For once Mrs Magpie agree on a ‘favourite song’ and I’m thrilled to say that the clever and bittersweet your Girlfriend Hates Me is a co-write between Hannah and Sarah Sharp; and is as good a Country song that I’ve heard in years; and is absolutely perfect for National Radio and TV; in the UK and US of A!
The Toy Hearts were probably best associated with Bluegrass and possibly Western Swing; but were never ‘one trick ponies’ and Hannah moves through the different genres with the same ease and cool herself; with every song being different enough from the previous one to keep the whole album interesting but nothing ever jars; which is quite some feat for Hannah Stewart and Chris Barns who all co-produced this 36 minutes minutes of Country Heaven.
The funniest part of me keep talking about SHAKEN being an ‘Authentic Country’ album is that expression is out of fashion these days and Hannah Johnson (& The Broken Hearts) recorded the album at the Ameripolitan Studios in Austin TX and has firmly aligned herself (and band) to Dale Watson’s Ameripolitan Movement which is rekindling this type of quality music around the globe; and more power to all of them.
PS i I’m pleased to see that sister Sophia, while not in ‘the band’ plays acoustic guitar throughout.
PS ii My car stereo doesn’t have enough room to show the full title of *Morning Cocktail; missing ‘tail’…..which made me blush the first time I looked!
The legendary Martin Stephenson and Graeme ‘Shipcote’ Anderson talk about their time in The Toe Rags (and more); who are reforming for one night only on 1st August in the Q Festival Speigletent in Baltic Square, Gateshead alongside Jumping Hot Club regulars…. HYMN FOR HER (USA), BRENNEN LEIGH & NOEL McKAY (USA) and GEORGE WELCH & CHRISTINE JEANS on 1st August 2017.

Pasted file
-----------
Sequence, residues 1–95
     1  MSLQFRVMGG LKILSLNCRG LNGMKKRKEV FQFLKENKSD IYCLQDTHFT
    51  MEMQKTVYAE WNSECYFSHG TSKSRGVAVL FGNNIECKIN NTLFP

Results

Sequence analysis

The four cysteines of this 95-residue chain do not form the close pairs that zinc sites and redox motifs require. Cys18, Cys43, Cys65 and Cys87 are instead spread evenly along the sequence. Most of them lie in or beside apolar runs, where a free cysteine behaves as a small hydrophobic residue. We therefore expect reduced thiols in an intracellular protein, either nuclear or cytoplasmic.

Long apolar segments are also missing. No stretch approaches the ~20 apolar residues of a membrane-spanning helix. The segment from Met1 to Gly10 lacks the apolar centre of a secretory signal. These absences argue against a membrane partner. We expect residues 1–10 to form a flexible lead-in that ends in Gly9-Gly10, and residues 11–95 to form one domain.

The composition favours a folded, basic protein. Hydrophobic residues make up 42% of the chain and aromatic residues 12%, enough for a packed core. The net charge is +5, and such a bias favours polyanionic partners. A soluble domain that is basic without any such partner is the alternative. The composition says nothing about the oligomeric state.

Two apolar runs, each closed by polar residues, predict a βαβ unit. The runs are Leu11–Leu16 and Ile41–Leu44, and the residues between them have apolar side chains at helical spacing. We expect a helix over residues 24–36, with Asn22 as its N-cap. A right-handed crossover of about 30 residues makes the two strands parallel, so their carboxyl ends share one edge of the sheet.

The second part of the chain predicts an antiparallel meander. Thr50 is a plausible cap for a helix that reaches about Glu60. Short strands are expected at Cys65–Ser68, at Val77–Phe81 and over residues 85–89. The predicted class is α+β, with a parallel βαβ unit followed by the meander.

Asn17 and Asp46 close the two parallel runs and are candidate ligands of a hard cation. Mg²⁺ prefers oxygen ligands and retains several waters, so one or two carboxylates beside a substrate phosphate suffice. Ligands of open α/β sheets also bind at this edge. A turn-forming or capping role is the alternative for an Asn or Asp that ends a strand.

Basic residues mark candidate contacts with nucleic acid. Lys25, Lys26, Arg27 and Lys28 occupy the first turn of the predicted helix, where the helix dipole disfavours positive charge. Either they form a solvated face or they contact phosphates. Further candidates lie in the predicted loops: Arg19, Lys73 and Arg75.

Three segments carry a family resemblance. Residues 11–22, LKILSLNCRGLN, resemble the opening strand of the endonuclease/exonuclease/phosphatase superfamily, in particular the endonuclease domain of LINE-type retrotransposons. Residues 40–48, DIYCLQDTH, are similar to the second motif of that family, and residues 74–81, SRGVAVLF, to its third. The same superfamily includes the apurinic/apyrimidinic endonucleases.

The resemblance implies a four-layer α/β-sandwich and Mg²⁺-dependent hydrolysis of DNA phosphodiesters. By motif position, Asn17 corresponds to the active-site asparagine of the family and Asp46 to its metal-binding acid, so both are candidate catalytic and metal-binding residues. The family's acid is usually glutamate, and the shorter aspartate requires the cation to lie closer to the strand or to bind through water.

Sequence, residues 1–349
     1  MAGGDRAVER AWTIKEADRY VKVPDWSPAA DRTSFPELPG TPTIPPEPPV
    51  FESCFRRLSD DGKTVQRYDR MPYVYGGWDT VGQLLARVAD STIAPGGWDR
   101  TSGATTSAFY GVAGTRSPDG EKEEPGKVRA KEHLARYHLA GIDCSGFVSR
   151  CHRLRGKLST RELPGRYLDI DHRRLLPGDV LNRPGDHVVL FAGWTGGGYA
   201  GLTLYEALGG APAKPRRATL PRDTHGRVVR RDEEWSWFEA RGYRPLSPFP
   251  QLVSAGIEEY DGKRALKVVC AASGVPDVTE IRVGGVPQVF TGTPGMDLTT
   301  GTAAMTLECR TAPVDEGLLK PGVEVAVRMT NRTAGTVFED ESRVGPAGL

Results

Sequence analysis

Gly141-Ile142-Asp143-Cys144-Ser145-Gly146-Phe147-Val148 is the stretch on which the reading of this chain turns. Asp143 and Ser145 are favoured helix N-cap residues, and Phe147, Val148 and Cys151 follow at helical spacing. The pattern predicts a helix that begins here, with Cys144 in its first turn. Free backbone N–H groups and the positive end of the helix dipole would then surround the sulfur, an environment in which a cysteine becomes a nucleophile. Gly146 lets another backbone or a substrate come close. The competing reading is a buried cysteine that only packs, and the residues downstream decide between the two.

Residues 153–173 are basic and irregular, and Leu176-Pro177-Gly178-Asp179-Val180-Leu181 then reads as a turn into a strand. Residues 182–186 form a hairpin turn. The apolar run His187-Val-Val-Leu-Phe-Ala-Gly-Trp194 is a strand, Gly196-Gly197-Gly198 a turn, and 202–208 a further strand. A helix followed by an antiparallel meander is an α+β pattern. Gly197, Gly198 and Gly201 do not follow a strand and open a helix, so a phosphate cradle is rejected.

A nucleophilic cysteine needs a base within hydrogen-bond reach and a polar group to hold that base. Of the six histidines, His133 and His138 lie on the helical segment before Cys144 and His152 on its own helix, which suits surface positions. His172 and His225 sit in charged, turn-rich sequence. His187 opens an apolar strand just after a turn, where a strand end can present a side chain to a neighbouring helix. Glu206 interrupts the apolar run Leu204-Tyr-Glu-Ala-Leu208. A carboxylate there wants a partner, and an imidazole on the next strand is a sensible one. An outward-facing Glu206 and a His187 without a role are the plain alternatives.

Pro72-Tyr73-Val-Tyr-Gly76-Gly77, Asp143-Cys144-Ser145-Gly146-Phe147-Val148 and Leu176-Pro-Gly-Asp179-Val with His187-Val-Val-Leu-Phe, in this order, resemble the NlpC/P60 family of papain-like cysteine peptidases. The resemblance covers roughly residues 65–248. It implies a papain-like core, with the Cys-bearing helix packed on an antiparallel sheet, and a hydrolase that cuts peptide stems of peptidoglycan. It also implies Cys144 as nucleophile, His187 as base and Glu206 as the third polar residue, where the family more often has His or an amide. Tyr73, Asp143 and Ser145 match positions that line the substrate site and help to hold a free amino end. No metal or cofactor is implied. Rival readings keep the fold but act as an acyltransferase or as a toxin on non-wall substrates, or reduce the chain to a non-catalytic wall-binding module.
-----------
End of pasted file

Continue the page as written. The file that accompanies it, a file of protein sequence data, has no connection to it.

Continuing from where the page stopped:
Aha! Wayne ‘The Train’ Hancock really is a ‘one off’ sounding quite unlike anyone else, especially all the pretenders to his self-made throne.
I only discovered his magnificent 1995 debut album Thunderstorms and Neon Signs a couple of years ago when I had my radio show. A friend with impeccable taste asked for the title track to be played on one of the very first episodes; and the album became a favourite of our listeners; but that’s in the past.
Three years since his last album hasn’t seen Hancock resting on his laurels; no sirree! Averaging over 200 gigs every year where he has honed these new songs like a razors edge; and the time is finally right for another dose of good time, Juke-Joint, Hill-billy, Swing with assorted love songs for good measure.
The album opens with Hancock introducing the title track Slingin’ Rhythm then counting the band in and …phew we then get the coolest, autobiographical ‘road song’ you will ever hear; and more than a smattering of red hot gee-tar…Mister!